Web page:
It was number seven, “Eat Healthier,” which also included a suggested order of green tea and whole grain oatmeal. I just stared at him. He stared back. Neither one of us blinked; we were like cowboys getting ready for a showdown. Tumbleweed may have drifted behind me, and I’m pretty sure I heard that whistling song that plays in every Western movie right before the gun fight. I squinted my eyes and almost imperceptibly shook my head. He nodded and just as imperceptibly looked down at his tip jar. I walked out with my salted caramel hot chocolate and iced lemon pound cake, a five dollar bill and a crumpled sticky note left behind at the counter.
Sitting down in front of my home computer, I came face to face with note nine: “Writers Write! You Can’t Edit a Blank Page!” This note was so annoyingly perky that I was momentarily tempted to slap myself. Instead, I logged onto Facebook.
After looking at pictures of other people’s dinner entrees, taking a lengthy personality quiz, and watching a St. Bernard get tortured by a kitten, I decided my nail polish wasn’t inspirational enough. As the “Berry Fairy Fun” polish dried on my fingertips, I wondered if “Writers Write” would be more impactful if stitched on a pillow. That reminded me of the cross-stich project I started in 2011 but never completed, and I went in search of my needlework bag. I never found the bag, but did locate a recently purchased rejuvenating face mask, which I applied while simultaneously using moisturizing hand gloves. Feeling energized and a bit clammy, I suddenly remembered that I still needed to grapple with note 10: “Cook More Meals at Home.”
I was pouring through an old Williams Sonoma cookbook filled with delectable dinner options — none of which I had the ingredients for and all of which should have been started three hours earlier — when Jeff stepped into the kitchen.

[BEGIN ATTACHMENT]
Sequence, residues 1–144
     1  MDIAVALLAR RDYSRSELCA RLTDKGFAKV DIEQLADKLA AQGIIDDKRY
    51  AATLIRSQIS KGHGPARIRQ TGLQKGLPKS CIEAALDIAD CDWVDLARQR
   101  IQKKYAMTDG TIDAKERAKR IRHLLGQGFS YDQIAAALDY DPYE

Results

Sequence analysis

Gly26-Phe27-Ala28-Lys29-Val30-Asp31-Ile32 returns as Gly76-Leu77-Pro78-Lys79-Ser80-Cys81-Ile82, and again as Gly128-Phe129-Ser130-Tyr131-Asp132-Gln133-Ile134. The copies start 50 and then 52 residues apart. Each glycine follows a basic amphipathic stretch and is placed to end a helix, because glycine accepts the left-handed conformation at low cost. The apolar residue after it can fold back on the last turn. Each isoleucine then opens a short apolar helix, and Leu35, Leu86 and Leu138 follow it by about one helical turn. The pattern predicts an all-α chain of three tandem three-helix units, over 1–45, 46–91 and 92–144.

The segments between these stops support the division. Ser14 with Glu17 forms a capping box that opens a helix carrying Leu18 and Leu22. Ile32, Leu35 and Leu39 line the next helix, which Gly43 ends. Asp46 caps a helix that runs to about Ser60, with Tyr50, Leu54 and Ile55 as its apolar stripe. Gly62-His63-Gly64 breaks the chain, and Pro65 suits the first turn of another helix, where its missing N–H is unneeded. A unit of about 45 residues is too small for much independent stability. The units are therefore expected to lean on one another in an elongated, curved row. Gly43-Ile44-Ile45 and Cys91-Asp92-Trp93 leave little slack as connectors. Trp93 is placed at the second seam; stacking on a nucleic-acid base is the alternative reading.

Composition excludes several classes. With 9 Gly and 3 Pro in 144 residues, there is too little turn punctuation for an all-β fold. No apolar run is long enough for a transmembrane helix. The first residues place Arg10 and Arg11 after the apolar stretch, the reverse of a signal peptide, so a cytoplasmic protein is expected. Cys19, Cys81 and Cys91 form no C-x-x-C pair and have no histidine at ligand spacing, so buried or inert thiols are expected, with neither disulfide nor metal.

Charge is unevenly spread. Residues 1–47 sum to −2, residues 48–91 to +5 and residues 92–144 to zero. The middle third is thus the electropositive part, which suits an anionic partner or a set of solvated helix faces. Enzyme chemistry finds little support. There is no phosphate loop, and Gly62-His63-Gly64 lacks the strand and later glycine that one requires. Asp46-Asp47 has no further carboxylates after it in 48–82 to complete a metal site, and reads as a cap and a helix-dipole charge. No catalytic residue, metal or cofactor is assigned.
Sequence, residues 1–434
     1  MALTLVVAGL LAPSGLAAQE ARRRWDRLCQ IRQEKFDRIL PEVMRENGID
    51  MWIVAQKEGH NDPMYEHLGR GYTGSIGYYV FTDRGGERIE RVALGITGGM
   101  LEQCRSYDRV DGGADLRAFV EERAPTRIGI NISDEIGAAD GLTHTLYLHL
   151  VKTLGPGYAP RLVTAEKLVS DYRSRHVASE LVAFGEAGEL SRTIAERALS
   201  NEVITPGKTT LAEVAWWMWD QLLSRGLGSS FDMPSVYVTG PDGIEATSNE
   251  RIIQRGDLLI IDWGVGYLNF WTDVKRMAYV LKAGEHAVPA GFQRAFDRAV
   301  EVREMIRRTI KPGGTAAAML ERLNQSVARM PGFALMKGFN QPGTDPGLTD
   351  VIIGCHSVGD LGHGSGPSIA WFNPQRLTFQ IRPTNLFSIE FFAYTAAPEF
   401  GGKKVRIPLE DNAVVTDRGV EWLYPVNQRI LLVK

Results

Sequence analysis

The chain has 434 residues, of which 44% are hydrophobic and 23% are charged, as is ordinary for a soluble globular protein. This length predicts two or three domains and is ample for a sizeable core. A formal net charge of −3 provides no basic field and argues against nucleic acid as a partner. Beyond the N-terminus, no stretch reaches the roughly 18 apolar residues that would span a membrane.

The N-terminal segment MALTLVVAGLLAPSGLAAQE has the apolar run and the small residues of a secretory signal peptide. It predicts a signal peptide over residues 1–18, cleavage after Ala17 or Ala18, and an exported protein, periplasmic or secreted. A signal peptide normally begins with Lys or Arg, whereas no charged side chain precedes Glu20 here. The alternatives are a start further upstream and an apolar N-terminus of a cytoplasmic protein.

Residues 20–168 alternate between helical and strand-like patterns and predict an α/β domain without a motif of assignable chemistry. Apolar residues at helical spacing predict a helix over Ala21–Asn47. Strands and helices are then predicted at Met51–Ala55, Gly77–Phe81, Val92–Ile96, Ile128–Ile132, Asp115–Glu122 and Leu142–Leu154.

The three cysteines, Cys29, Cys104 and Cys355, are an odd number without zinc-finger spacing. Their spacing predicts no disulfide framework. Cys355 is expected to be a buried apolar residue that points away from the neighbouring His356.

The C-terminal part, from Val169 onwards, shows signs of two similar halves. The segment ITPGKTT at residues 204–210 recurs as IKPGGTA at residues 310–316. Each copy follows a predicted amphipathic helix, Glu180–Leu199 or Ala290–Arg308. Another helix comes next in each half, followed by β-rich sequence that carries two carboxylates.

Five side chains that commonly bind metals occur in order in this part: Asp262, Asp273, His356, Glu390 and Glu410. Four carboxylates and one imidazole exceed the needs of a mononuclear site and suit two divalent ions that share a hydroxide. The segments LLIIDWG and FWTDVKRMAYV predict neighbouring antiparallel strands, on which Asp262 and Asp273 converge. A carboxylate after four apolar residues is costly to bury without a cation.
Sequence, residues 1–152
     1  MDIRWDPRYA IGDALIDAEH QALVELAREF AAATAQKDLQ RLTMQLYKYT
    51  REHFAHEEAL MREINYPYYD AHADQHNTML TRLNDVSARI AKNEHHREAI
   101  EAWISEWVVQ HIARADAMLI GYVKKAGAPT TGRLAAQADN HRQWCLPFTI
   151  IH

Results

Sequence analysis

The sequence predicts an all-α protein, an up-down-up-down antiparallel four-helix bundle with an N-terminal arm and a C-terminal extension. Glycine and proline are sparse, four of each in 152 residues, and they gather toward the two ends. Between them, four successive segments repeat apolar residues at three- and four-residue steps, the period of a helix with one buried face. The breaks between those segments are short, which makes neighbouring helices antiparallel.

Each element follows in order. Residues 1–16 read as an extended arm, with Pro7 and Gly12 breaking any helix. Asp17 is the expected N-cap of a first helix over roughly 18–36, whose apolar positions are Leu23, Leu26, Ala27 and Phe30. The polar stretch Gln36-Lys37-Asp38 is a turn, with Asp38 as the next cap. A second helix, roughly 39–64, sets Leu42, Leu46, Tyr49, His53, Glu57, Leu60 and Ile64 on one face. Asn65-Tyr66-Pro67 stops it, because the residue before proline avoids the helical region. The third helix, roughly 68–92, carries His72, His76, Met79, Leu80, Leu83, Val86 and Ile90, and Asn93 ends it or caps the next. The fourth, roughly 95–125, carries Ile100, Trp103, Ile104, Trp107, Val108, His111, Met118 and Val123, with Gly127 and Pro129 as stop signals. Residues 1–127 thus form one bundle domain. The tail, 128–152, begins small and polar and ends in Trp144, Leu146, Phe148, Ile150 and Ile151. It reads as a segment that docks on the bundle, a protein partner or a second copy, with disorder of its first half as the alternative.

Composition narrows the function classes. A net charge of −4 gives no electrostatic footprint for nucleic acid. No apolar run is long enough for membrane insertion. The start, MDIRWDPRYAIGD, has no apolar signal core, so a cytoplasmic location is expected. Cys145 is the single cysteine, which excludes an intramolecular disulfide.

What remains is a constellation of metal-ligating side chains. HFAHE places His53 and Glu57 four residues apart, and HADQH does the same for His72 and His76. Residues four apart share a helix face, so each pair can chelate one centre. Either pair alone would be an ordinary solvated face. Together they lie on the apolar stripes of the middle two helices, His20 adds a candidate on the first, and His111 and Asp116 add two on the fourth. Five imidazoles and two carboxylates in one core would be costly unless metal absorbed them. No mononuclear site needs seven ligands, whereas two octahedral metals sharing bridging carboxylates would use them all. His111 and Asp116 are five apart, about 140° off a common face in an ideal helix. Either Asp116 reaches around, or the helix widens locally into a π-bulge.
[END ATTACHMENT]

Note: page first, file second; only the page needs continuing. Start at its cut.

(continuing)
“I’m sorry I didn’t have time to cook,” I said. “I was working.”
While we waited for our Bite Squad dinner order to arrive, I tackled note 11: “Read More Nonfiction.” Finding the John Adams biography I started three years ago, I dug in, but was overwhelmed by the sheer volume of letters Abigail and John wrote to each other, distracted by thoughts of what John and Thomas Jefferson might have posted on Facebook, and wondered why, in every chapter, it was always winter. Did our founding fathers never experience good weather? I used note 11 as a book mark and turned on Netflix’s “Riverdale.”
Jeff walked into the room, a glass of wine in one hand and a can of Grapefruit LaCroix sparkling water in the other. I scowled as he attempted to hand me the can.
“There was a note on the wine bottle,” he said. “Number 12, ‘Drink Less Wine.’”
It was the Starbucks scene all over again, but Jeff blinked faster than my barista. Before the tumbleweeds could roll or the music swell, Jeff handed me the wine.
After a long swallow, I located the yellow Post-It pad I had used to write out my New Year’s resolutions and tossed it in the trash.
It was just as well. I probably never would have stuck with it.